Second conclusion I came to was that the first session was well worth sitting still for as it had good information and was presented perfectly for any level of audience — wish the presenter had another hour as I am sure she could have filled the time with good stuff.

There was no hush of anticipation for the second session which was to be on the subject of a new underwriting tool but there was, I am sure amongst many like myself, a real curiosity. Were we about to witness the start of a new era in risk selection? Was there a better way? Was there a better and fairer system? Many of us had read the On The Risk article earlier in 2011 which perhaps left many skeptical. Would there be new facts and unequivocal evidence that this “new thing” was indeed right up there with sliced bread.(Note: I will refer to it as the “new thing” so as to offend less and not be seen as publicly roasting what my hosts were selling since indeed I did get golf, some prizes and two free meals.)

In a nutshell (nothing to be read into my choice of word) my hosts were selling the concept and software tool that could analyze laboratory results combined with BMI and rudimentary facts cleaned from paramedical measurements already used and predict mortality. The software tool was based on the study over six million files where  my hosts had vital stats and blood work. It excluded those who were positive for cocaine or HIV. “New thing” could predict on what may appear to be an absolutely standard risk which applicants would die prematurely. Somewhat like the numerical rating system (fair, consistent, and used for almost 100 years) this “new thing” would use a complicated and proprietary computer system to assess extra mortality again along a numerical grid from good to bad so to speak. I heard them say 40 US companies were now using the system. I heard them say that the value per case was $238.69 which to me implied that if the cost was less than that it was money well spent. I also heard them say that reinsurers were onside with this new form of risk selection. We were shown some examples of cases that would have been issued standard but where the insured then died within two years. Wow this “new thing” is super since not one person in the room could have ever guessed that would be the outcome.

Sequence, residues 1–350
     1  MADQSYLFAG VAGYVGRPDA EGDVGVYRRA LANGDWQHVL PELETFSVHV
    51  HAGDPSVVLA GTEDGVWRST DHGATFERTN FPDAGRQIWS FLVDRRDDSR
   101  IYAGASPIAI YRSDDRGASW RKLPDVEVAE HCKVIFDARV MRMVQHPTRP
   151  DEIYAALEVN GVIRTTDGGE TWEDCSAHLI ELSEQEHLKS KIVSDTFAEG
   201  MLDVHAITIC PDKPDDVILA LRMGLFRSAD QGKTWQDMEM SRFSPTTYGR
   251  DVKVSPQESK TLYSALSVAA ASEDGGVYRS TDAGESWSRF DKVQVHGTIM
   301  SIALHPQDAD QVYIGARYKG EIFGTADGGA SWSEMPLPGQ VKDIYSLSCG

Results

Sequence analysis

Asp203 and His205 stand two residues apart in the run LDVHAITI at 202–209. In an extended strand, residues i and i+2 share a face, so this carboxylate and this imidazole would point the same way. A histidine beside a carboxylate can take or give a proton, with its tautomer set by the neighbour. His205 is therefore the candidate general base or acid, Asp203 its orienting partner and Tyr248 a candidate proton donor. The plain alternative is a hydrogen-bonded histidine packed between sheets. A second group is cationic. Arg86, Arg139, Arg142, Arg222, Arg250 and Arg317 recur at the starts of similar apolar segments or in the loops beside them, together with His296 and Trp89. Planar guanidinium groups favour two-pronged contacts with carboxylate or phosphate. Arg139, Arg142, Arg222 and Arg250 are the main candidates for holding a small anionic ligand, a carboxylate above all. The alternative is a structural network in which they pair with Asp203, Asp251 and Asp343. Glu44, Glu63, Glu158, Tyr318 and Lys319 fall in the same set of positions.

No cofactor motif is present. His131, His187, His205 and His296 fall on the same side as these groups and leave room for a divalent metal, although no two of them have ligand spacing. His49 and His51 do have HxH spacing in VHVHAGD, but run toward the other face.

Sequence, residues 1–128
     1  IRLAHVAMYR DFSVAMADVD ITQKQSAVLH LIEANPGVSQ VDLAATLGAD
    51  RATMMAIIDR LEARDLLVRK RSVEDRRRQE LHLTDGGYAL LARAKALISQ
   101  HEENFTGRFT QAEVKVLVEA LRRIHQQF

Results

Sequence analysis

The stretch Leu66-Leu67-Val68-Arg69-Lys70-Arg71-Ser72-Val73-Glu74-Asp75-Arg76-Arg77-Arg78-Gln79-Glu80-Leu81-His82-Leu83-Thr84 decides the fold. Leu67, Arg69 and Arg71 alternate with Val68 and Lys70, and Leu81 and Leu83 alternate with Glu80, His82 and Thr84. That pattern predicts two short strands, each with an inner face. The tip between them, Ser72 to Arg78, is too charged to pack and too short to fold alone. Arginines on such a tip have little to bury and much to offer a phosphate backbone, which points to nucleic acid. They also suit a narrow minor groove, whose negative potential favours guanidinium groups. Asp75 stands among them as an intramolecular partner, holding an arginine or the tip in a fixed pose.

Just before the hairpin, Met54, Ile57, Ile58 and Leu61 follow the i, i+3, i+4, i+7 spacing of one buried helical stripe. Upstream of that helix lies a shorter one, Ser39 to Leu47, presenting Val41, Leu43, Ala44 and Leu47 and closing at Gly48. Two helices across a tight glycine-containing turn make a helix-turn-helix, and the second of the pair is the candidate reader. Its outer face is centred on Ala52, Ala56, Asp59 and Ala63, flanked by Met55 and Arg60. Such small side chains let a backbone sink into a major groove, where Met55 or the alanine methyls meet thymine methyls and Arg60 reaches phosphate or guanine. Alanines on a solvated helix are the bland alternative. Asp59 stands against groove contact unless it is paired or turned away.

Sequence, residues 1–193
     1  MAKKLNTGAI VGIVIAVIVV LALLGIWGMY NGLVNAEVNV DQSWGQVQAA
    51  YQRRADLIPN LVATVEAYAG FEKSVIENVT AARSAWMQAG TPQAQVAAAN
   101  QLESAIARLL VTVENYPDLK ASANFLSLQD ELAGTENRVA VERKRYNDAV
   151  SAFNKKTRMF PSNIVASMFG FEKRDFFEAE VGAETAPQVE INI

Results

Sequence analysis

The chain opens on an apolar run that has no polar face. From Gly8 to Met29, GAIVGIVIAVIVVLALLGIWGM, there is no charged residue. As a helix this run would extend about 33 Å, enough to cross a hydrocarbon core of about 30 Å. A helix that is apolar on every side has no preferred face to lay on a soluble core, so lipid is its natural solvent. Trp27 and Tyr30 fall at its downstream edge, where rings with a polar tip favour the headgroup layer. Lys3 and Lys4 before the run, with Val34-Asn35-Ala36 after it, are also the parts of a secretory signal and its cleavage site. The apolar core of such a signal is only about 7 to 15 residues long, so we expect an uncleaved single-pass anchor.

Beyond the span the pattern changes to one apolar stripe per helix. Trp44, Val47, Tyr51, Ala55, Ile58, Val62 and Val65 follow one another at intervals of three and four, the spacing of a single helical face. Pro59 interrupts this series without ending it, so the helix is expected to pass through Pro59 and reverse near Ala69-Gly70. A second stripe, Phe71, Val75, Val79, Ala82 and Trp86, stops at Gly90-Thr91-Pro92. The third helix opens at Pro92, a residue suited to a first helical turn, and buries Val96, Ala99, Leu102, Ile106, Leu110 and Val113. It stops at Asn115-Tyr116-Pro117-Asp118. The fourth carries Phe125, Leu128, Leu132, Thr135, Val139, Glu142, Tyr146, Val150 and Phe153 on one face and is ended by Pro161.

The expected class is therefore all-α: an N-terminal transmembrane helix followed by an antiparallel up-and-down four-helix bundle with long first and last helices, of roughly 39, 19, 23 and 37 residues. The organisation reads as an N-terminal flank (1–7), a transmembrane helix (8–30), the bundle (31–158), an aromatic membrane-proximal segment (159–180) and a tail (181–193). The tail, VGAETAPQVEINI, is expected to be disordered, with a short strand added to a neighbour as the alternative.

During question period I concluded that all the questions sounded like they were prearranged. I concluded that like myself no one wanted to ask embarrassing questions or cast doubt on what our hosts were touting as a super tool for risk selection. The “way it worked” was never really explained other than it took a long time to study the data and draw conclusions that helped form the foundation of the algorithm that defined the risk criteria.

Third opinion after the main feature presentation of the day was that I have to see for myself it working in a real live underwriting department. Will it save us money? Will it liberate the underwriter from the mundane? Will it pass the litmus test of the advisor and consumer? Will it  help sustain underwriting as it comes under the scrutiny of many who feel it cannot be sustained in this world of ours? Will it indeed be the biggest game changer since the blood test!

Overall I can see the numerical rating system being modified with new tools like this “new thing” and I support work in that field. I am however not yet convinced that this “new thing” is ready for prime time. Lots of work to do. If the room had of been full of that rare breed the research actuary and pricing actuary I am sure questions would have been constructive. As it stood most shrugged and left so their bosses could arrive in time for golf.

The rain stopped just in time for golf and the hosts showed they can control the weather more than the audience of the morning. I was average in my foursome an did nothing to embarrass myself. I also only ended up down two golf balls.

Overall an old fashion day where prizes and fun surpassed serious news and thus attracted a weak morning audience but a higher level golf participation. I do not regret going but I do regret that more time allotted to the key address of the day. Maybe after the testimonials arise from all the reinsurers who endorse the system and those 40 companies using the system emerge will I have enough confidence to applaud the new numerical rating system as truly “the new thing” that all should employ.

Meanwhile who will invite me to their next infomercial?

PS Yes the food was good and the camaraderie great!